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Year : 2009  |  Volume : 43  |  Issue : 3  |  Page : 245-252

Trans-iliac-sacral-iliac-bar procedure to treat insufficiency fractures of the sacrum

1 Department of Traumatology, University Hospital Gasthuisberg, Herestraat 49, B-3000 Leuven, Belgium
2 Department of Radiology, University Hospital Gasthuisberg, Herestraat 49, B-3000 Leuven, Belgium

Correspondence Address:
P Vanderschot
Clinical Head, Department of Traumatology, University Hospital Gasthuisberg, Herestraat 49, 3000 Leuven
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Source of Support: None, Conflict of Interest: None

DOI: 10.4103/0019-5413.53454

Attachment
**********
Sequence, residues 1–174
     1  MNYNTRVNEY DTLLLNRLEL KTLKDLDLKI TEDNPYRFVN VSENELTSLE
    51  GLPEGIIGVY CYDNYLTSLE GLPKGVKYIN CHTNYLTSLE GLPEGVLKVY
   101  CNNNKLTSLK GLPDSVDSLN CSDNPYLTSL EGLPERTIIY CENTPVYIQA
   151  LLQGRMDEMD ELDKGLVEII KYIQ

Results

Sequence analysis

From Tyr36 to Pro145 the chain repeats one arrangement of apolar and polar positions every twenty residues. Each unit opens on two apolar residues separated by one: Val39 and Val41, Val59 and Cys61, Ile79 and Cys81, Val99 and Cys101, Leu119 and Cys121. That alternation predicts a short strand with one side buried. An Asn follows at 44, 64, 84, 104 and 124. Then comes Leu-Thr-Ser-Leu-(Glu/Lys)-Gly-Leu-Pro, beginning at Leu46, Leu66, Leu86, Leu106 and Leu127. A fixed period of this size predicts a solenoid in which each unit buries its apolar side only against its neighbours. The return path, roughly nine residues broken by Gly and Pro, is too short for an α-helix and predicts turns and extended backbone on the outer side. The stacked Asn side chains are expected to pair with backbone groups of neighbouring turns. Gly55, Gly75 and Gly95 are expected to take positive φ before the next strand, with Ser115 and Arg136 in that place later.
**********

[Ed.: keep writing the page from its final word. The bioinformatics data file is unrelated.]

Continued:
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Background: Osteoporosis is an increasing problem attributed to the greater longevity of the population and the incidence of fractures related to osteoporosis. The presence of osteoporotic bone, comorbidities, and functional status of the patient require adequate solutions to improve the clinical outcome of sacral insufficiency fractures. Conservative treatment by means of prolonged bed rest and analgesics are associated with increased risks and complications. A sacroplasty significantly improves the functional outcome. We describe the trans-iliac-sacral-iliac-bar (TISIB) procedure and our clinical experience to treat insufficiency fractures of the sacrum. Materials and Methods: The records of 19 consecutive patients with a mean age of 71.7 years (range: 57-82 years) who had been managed with a TISIB procedure from 2005 till 2007 were reviewed retrospectively. There were 15 females and 4 males. Predisposing factors for sacral insufficiency fractures were osteoporosis (n = 12, 63%), radiotherapy (n = 6, 32%), and rheumatoid arthritis (n =1). Diagnosis with a mean delay of 3.7 months was mainly made by CT. All patients were preoperatively and at follow-up assessed by means of the visual analogue score (VAS), analgesic consumption, and the ability to perform activities of daily living (ADLs) using a 5-point pain scale: 1, without pain; 2, mild pain; 3, moderate pain; 4, severe pain and, 5 unable to perform ADLs because of pain. Results: The average duration of postoperative follow-up was 9 months (range: 3-24.5 months). No neurological complications occurred during the surgery. A postoperative radiographic study showed a well-positioned bar in every case. The mean VAS improved 44.7 mm (preoperative: 67.8; at follow-up: 23.2). Fifteen patients (79%) consumed narcotic analgesics before surgery, and only one (5%) at follow-up; two patients (10%) consumed NSAIDS before surgery and three (15%) after. Two patients (10%) consumed minor analgesics before, and 11 (58%) after the procedure. Finally, four patients (21%) were not taking any analgesics at follow-up. Before surgery, 9 patients (47%) were able to perform ADLs with a pain score of 4; 6 (32%) with a score of 3, and 4 (21%) a score of 2. At follow-up 1 (5%) did have a score of 4; 1 (5%) a score of 3, 8 (42%) a score of 2 and 9 (47%) a pain score of 1. Conclusion: A TISIB procedure relies on the principles of fracture treatment: fracture stabilisation and compression. The incapacitating problem of an insufficiency fracture of the sacrum can be elegantly solved by means of this minimally invasive procedure. A near-immediate improvement is noticed when looking at the VAS score, analgesics consumption, and the ability to perform ADLs.

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